This type of research can be done in communities with local recruiters and coordinators hired to facilitate and operate the process. Many tasks can be devolved to relatively untrained individuals or programs quickly developed to train participants. These programs and projects can be fielded in relatively short order to implement fairly complex projects by following the lead of already successful community based projects. In North Carolina, we have had what is called the Johnston County Project which made use of local coordinators, data collectors and community panels that were used to assimilate and reflect on the data.
    This community-based approach is more appropriate for some types of research questions than others For example, understanding what constitutes appropriate access to health care services; or why individuals choose one service or practitioner or hospital over another. These types of studies can easily make use of locally trained and employed people who can conduct surveys, organize focus groups, and help interpret data.
    Even clinical questions that revolve around compliance and individual and group behavior can be facilitated with this form of research. The response to various types of cancer treatment that depend on patient choice of modality can be examined in the community. The many proposals for behavior modification in preventive medicine and general prevention programs require many subjects using many optional approaches.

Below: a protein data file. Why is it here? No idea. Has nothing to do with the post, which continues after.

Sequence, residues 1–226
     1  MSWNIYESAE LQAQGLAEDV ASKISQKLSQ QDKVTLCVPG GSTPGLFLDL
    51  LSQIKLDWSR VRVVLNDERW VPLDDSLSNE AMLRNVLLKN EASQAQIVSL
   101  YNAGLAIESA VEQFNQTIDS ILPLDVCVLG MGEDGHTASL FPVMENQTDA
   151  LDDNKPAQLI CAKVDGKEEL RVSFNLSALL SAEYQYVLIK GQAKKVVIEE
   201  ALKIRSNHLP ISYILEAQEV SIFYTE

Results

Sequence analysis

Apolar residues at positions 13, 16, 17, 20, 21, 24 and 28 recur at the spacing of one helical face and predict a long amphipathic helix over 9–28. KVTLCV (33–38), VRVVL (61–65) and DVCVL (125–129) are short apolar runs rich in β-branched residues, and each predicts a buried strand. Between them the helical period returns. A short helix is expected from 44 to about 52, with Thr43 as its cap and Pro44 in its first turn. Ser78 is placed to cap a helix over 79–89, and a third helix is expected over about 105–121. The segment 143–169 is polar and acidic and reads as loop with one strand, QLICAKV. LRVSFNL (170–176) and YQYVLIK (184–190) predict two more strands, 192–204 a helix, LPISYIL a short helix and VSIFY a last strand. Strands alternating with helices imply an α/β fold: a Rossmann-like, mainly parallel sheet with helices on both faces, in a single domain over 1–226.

Taking this idea one step further, we can use the funds to field an update to the Rand Health Insurance Experiment and make use for the stimulus funds to directly pay for care in experimental groups or to subsidize options of blended payment and services mix.
    It would be a shame to spend the funds on questions and projects that do not answer the most pressing questions that face us as we consider health financing and health delivery reform. It would be even more of a shame if we did not allow ourselves to learn as much as we can when we spend the money. We can use this opportunity to learn as well as stimulate the economy in a way that touches far more than the research establishment.